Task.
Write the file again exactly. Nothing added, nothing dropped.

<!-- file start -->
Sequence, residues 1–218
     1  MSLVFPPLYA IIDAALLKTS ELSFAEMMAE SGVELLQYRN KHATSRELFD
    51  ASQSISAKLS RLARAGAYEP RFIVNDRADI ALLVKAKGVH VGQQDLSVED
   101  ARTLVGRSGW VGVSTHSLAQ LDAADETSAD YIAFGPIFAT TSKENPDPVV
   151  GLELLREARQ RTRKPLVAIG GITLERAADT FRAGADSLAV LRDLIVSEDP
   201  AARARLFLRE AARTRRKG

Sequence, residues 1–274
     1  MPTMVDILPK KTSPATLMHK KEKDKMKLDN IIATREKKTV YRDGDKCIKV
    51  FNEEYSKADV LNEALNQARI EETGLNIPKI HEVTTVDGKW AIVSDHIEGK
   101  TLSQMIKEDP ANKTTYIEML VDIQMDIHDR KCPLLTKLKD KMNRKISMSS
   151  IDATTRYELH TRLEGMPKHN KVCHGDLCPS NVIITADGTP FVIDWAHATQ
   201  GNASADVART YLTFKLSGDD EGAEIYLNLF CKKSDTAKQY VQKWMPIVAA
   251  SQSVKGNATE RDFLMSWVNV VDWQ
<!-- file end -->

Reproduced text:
Sequence, residues 1–218
     1  MSLVFPPLYA IIDAALLKTS ELSFAEMMAE SGVELLQYRN KHATSRELFD
    51  ASQSISAKLS RLARAGAYEP RFIVNDRADI ALLVKAKGVH VGQQDLSVED
   101  ARTLVGRSGW VGVSTHSLAQ LDAADETSAD YIAFGPIFAT TSKENPDPVV
   151  GLELLREARQ RTRKPLVAIG GITLERAADT FRAGADSLAV LRDLIVSEDP
   201  AARARLFLRE AARTRRKG

Sequence, residues 1–274
     1  MPTMVDILPK KTSPATLMHK KEKDKMKLDN IIATREKKTV YRDGDKCIKV
    51  FNEEYSKADV LNEALNQARI EETGLNIPKI HEVTTVDGKW AIVSDHIEGK
   101  TLSQMIKEDP ANKTTYIEML VDIQMDIHDR KCPLLTKLKD KMNRKISMSS
   151  IDATTRYELH TRLEGMPKHN KVCHGDLCPS NVIITADGTP FVIDWAHATQ
   201  GNASADVART YLTFKLSGDD EGAEIYLNLF CKKSDTAKQY VQKWMPIVAA
   251  SQSVKGNATE RDFLMSWVNV VDWQ